art matters

Graffiti artist Lady Pink visits UI

Posted by Claire Lekwa and Meghan Centers on 21 April 2010 Comments

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Pink Piece Lady Pink, Pink Piece, 1980

"People fear graffiti because they don't understand it. They think it's evil, scary, and that crime will soon follow," Sandra Fabara, a graffiti artist widely known by her alias, "Lady Pink," told the UIMA. "Graffiti is just a form of expression and a mild form of rebellion," she said.

This week, this legendary New York graffiti artist who pioneered the graffiti movement through the 1980s and 1990s and became one of the first women to gain international recognition from the art establishment for her graffiti work visits the University of Iowa. She gives a lecture tonight at 7:30 p.m. in the IMU Black Box Theater, in conjunction with the digital display of her work on view there in the Two Turntables and a Microphone exhibition. Over her three-day visit, she is also conducting a workshop with UI art students to paint an 8 by 20-foot mural in homage to Jackson Pollock's Mural in the UIMA's collection. Once completed, the students' mural will be hung within the Two Turntables exhibition in the Black Box Theater through the remainder of the show, until June 27.

We snapped some photos of the mural's progress this morning:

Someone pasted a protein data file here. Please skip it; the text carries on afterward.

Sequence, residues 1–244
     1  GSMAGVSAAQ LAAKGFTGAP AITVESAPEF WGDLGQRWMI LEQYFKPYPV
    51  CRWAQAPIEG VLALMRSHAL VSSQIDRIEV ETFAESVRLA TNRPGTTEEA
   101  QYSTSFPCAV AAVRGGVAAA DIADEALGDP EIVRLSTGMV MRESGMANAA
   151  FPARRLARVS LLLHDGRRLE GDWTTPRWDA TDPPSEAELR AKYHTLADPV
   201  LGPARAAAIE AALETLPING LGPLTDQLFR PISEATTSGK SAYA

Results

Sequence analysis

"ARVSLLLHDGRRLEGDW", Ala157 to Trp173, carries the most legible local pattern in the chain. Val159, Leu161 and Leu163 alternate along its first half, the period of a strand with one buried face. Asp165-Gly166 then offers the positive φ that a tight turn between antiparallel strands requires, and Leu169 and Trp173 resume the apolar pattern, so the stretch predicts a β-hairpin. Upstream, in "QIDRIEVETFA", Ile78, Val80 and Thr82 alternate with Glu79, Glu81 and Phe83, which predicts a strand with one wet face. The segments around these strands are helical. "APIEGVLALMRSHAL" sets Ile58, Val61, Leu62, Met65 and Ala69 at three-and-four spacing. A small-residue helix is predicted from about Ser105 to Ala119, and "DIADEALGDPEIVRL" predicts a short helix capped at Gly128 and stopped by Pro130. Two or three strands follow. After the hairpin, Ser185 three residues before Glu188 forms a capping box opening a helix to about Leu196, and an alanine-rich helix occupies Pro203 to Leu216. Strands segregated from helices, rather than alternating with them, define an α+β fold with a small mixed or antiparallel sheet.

Starting in 1979 as one of the only female graffiti writers on the streets, Lady Pink admits it was a dangerous undertaking. Tattooing the city underground, she said getting arrested was the least of her worries: "Underground, you can't call mommy or the cops."

Though she no longer practices graffiti, Lady Pink used the form to rebel against the intellectualism and abstraction presented by the general art establishment. "It's boring, it's dull, it's above most people's heads; they don't understand it and they don't like it," she argued. "It's being imposed on them just as offensively as graffiti is imposed on them down the street."

Lady Pink's work has now been included in exhibitions and collections at the Metropolitan Museum of Art, the Whitney Museum of American Art, and the Brooklyn Museum. Come to the lecture tonight to hear more, straight from the graffiti queen herself.

-Claire Lekwa, UIMA Marketing and Media Assistant, and Meghan Centers, UIMA Marketing and Media Intern